Consisting of 44 sections each about 50cm square which fit together, it forms a rectangle of 6 sections by 7, complemented in one corner by two sections which house the Vatican. The model is of the city within its walls, and of its immediate surroundings. Each piece of wood is covered with cork to suggest higher ground where appropriate and squashed fairly flat in other places, and dyed silk finely cut, mixed with sand and made wet so it could be rolled out to form meadows and ploughed fields. The Tiber is made of coloured silver paper; trees and shrubs are silk twisted round wire; in the streets and squares ornamental tiles are reproduced with painted paper; the noble buildings (St John Lateran, great palaces, the Pantheon, etc.) are made of cardboard or cork sometimes with pieces of soft wood added (columns, pilasters, etc.). For the ordinary houses and blocks of flats the artist made do with blocks of wood covered with pasted paper on which the architectural details are painted or drawn with a pen, or where necessary punched out of cardboard and stuck on.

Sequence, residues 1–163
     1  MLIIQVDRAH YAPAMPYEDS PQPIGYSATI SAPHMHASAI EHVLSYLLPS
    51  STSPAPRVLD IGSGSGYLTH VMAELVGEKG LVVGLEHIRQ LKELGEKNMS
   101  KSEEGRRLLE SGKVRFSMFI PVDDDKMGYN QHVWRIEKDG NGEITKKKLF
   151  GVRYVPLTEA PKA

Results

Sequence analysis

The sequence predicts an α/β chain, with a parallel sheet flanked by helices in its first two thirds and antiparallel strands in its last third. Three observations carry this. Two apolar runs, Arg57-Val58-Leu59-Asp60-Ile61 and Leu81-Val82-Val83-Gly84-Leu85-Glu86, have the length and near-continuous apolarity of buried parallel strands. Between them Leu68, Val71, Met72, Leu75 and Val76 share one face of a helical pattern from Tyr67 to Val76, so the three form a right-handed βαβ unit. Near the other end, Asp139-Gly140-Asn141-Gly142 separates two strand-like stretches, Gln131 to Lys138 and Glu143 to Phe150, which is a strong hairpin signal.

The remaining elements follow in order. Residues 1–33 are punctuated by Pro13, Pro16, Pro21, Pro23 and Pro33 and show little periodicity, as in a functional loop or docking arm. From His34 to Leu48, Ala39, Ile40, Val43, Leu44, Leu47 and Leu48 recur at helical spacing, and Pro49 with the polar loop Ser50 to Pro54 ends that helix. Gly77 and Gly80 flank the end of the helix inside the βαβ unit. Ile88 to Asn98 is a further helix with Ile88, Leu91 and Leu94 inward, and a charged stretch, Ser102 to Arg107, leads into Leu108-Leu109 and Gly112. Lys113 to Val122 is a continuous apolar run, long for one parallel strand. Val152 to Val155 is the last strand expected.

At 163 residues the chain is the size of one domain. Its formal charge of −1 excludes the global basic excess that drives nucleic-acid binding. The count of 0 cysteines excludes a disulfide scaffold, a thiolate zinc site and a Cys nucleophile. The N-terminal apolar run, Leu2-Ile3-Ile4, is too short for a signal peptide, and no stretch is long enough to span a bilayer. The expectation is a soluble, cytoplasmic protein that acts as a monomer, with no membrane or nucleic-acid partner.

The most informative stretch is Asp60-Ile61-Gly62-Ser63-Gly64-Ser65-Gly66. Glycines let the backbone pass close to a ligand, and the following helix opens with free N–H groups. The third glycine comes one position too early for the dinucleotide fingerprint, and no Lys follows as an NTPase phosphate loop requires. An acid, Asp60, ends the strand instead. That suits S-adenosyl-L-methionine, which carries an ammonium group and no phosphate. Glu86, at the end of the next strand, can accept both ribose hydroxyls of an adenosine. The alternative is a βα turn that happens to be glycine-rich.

Pictures from A forgotten collection: the ancient models of the Museum of National Antiquities by Jannic Durand